Voi, the protagonist of this book, is pretty much the exact opposite of all of this, except that she is a young woman. She constantly huffs, pouts, broods and sulks; she resists her training; she resists being recruited to the cause (probably quite rightly, but it makes her an unpromising protagonist); she has no self-discipline to go with her awesome powers of awesomeness that are better than anyone else in the history of talent. When she does make a decision, it's almost always an ill-judged one. I disliked her as a person and found her constantly annoying as a protagonist. Finally, when she had dangerous sex with a complete stranger because her powers were (for some reason) making her horny, I was done. Even though the many promises of action and adventure were finally (nearly halfway into the book) looking like they might start to pay off, that was just one too many negatives for me.

This book is very likely to the taste of quite a number of people, but I am not a part of that number, I'm afraid.

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Tuesday, 22 October 2019

Review: The Spirit Siphon

The Spirit Siphon The Spirit Siphon by Ben S. Dobson
My rating: 4 of 5 stars

I'm enjoying this series, though I still haven't found any of the subsequent books as good as the first one. This one, in particular, seems a little short on tension; I'm not sure why, because the situation (trying not to start a war while tracking down an old adversary) has plenty of tension built in. Perhaps it's that the characters never seem to make much progress on anything. They find things out, the situation complicates, they even confront the adversary, but they don't really succeed at much, and while not succeeding complicates their lives a bit, I didn't get the sense of a powerful downward spiral (followed by last-minute triumph against the odds) that an action-oriented book like this needs.

It feels very much like a transitional book, inserted to move the characters from one situation to another, rather than being a complete adventure in itself.

The half-orc character's zest for life is still on display, but not as much (and that's one of the best aspects of the series, for me). Nor is her human partner's cleverness and ability to defeat mages by getting inside their heads.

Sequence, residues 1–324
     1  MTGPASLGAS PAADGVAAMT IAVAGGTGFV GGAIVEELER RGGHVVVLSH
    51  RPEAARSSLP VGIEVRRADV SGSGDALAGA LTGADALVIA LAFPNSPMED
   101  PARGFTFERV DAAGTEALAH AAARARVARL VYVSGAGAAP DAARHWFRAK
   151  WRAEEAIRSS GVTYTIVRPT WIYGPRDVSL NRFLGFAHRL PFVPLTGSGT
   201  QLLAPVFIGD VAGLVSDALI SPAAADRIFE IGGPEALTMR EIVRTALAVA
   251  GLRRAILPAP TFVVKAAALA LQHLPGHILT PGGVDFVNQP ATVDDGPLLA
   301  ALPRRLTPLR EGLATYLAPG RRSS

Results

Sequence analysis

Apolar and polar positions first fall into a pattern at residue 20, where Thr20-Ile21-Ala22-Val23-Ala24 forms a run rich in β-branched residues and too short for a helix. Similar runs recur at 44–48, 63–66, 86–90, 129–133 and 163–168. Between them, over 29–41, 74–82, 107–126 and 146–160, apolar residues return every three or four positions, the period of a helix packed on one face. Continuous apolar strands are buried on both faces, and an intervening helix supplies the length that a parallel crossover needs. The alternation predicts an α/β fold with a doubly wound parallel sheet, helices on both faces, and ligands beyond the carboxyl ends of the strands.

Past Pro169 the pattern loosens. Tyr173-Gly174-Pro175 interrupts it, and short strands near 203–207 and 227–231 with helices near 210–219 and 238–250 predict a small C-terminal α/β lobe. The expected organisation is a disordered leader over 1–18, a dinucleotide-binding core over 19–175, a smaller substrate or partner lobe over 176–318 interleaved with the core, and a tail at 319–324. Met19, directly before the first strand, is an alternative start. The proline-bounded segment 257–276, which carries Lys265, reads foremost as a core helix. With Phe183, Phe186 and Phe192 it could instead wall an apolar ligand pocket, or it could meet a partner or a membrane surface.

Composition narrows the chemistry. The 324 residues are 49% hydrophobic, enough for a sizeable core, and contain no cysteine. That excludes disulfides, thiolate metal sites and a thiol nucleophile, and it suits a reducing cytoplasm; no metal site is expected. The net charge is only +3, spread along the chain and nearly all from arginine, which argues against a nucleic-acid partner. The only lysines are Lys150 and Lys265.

All in all, not the best entry in what is still an enjoyable series.

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Review: The Glass Magician

The Glass Magician The Glass Magician by Caroline Stevermer
My rating: 3 of 5 stars

This is an experienced author, and it shows in the smooth and assured writing. Unlike most period pieces, it isn't full of obvious anachronisms (with an exception I'll mention later) or regrettable vocabulary glitches. However, the plot, the characters, and especially the setting all fell a bit short of excellence for me.

There's nothing really wrong with the plot. It's more or less mystery with a chance of romance, though there's a dash of coming-of-age in there as well. The protagonist must deal with the discovery that she isn't who she thought she was, that her family situation is not as she's been told, and that her mentor isn't who she thought he was either. Meanwhile, she's prevented from working as a stage magician, which brings a brief threat of economic difficulties, quickly averted. She ends up the house guest of a man who both attracts and annoys her, caught up in the murder of a rival magician, and under threat from what amounts to a force of nature because of her newly discovered identity.

It's probably a bit too much for a book this length, and some of the elements don't really get the development they need. The denouement to the mystery is a painfully awkward attempt at a villain reveal which, rather against the odds given how badly it's done, succeeds in flushing out the murderer. The pursued-by-manticores plot at least has a level of tension that's largely missing elsewhere. There are a few conflicts ("I must clear my mentor's name, but doing so risks my life") set up by the interweaving plots. It's not outstanding, but it will do.

The characters are all right. There's nothing really wrong with them either. They're not complete cardboard cutouts or straight out of central casting, not quite. But they don't have an uncommon amount of individuality or depth either. You can describe each of them in a phrase (the rich young man, the rich young man's dilettante sister, the mentor, the monster hunter, the Romany magic shop proprietor, the landlady) and there's not a lot to add to that brief capsule description. The protagonist and viewpoint character has the most to her, of course, and she does develop and change in the course of the story.